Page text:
More Businesses Using Multiple Cloud Models Cloud computing / Credit: Shutterstock: Rangizzz

With cloud systems now in use by nearly all businesses, many companies are starting to take it to the next level, a new study finds.

Research from CompTIA, the nonprofit association for the information technology industry, revealed that 60 percent of businesses have boosted their cloud use by leveraging multiple cloud models in different combinations to increase benefits and efficiencies.

Researchers found three ways companies are altering their cloud habits since their original transition:

  • Public to public: The most popular type of move is from one public cloud provider to another. Factors for switching providers include security, costs, features, open standards, outages and customer service.
  • Public to private: A true private cloud employs software that manages resources automatically, dynamically allocating as needed without manual intervention.
  • Public to on-premise: By far the primary motivation to move back to an on-premise system is security. Companies may simply move a particular application that gives them concern, while they still have less sensitive applications on public cloud platforms.

"Once companies hit a stage where they are using cloud systems as a standard part of IT architecture, they weigh the pros and cons of various providers and models and continually shift to achieve the optimal mix," said Seth Robinson, director of technology analysis and market research for CompTIA. "A healthy percentage of companies are moving from one public cloud provider to another, moving from a public cloud provider to their own private cloud, or moving applications back on-premise."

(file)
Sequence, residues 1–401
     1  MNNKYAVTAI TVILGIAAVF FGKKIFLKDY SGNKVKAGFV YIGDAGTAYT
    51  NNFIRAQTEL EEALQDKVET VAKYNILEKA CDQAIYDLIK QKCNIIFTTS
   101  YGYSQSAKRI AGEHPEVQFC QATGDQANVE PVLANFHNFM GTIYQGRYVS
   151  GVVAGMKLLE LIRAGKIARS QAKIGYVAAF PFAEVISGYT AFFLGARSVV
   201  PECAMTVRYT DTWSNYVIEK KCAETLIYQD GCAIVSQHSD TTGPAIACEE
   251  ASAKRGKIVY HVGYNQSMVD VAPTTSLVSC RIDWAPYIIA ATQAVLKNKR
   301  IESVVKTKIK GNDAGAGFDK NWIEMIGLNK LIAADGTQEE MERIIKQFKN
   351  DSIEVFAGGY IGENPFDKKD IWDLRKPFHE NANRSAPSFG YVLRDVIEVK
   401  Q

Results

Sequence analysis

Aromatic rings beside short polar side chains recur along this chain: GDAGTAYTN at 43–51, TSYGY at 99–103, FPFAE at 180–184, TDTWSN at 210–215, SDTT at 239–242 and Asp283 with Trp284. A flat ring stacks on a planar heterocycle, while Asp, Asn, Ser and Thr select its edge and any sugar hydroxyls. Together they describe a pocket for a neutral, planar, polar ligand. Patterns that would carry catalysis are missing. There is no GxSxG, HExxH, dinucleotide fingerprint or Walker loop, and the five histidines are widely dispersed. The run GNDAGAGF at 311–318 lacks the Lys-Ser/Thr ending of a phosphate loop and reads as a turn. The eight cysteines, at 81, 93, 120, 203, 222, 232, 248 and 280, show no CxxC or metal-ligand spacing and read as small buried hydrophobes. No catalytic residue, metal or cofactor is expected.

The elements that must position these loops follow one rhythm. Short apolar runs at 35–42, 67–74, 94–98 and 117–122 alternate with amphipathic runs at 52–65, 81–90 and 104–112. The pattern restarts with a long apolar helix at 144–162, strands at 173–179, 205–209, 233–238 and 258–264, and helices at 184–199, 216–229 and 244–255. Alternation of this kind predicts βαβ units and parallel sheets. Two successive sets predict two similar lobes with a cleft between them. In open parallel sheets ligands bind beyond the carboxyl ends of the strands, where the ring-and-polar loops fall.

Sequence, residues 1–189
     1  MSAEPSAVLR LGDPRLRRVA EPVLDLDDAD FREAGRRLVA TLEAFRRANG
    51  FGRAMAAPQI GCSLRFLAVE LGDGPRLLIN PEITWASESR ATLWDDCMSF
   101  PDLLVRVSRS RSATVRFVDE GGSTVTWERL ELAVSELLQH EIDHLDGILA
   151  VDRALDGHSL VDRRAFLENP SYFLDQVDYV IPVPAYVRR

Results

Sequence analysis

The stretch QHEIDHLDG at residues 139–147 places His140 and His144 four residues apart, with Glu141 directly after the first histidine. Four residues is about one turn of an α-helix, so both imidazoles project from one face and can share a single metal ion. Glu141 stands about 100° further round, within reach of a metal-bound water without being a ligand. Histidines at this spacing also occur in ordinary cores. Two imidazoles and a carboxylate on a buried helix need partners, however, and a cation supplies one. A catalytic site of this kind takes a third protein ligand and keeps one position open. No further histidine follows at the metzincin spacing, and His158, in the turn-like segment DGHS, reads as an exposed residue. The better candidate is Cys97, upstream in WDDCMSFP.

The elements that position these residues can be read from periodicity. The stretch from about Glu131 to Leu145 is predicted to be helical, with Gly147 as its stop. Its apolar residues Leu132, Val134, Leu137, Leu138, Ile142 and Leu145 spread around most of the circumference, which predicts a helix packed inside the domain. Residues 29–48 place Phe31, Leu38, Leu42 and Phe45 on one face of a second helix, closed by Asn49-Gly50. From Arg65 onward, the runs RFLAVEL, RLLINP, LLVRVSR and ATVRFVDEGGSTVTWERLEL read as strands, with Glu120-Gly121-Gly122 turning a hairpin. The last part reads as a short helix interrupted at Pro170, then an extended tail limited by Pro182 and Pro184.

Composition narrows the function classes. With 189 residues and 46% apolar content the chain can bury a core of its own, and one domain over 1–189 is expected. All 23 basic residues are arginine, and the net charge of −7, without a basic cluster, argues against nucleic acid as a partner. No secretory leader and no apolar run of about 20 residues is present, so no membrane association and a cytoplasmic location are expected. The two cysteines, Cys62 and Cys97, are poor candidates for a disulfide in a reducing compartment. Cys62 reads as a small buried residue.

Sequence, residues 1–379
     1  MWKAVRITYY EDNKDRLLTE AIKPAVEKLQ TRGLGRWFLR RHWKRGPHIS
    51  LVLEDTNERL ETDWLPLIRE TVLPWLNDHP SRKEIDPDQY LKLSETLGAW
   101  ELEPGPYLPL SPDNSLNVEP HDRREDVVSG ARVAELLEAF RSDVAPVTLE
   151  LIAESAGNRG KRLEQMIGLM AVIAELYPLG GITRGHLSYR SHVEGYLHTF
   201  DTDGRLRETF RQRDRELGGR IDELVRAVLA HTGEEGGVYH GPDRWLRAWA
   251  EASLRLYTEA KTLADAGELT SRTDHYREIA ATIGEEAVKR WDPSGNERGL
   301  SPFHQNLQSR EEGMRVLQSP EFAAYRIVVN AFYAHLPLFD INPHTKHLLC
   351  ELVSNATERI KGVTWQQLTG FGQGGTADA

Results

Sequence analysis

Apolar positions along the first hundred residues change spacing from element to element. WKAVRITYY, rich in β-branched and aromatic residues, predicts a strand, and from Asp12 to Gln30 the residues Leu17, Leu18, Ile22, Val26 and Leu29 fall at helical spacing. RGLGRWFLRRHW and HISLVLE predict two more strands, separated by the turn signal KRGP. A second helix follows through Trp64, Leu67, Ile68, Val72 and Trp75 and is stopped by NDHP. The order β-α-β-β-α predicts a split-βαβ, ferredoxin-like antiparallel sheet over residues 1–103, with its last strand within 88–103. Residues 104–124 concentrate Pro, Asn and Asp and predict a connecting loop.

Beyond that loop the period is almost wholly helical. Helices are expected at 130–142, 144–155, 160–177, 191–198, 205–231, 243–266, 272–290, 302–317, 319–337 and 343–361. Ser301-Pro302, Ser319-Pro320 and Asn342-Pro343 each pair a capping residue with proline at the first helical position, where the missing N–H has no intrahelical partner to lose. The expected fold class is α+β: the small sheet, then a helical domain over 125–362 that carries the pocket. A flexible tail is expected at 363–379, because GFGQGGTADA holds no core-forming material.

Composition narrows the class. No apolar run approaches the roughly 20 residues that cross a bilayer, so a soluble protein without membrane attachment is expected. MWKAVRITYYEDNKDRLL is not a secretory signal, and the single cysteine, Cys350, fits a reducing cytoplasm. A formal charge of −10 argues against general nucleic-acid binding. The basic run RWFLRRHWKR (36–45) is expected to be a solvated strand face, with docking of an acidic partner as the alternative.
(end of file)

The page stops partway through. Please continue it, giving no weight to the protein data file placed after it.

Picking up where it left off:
Specifically, the research found that nearly 30 percent of businesses moved to a different public cloud provider, while 25 percent moved to a private cloud and 24 percent to an on-premise system.

The study shows that the most popular reasons businesses have turned to the cloud are for storage, business continuity, disaster recovery and security.

The study was based on surveys of 501 technology or business professionals in the U.S. and 400 IT channel companies.

Originally published on BusinessNewsDaily.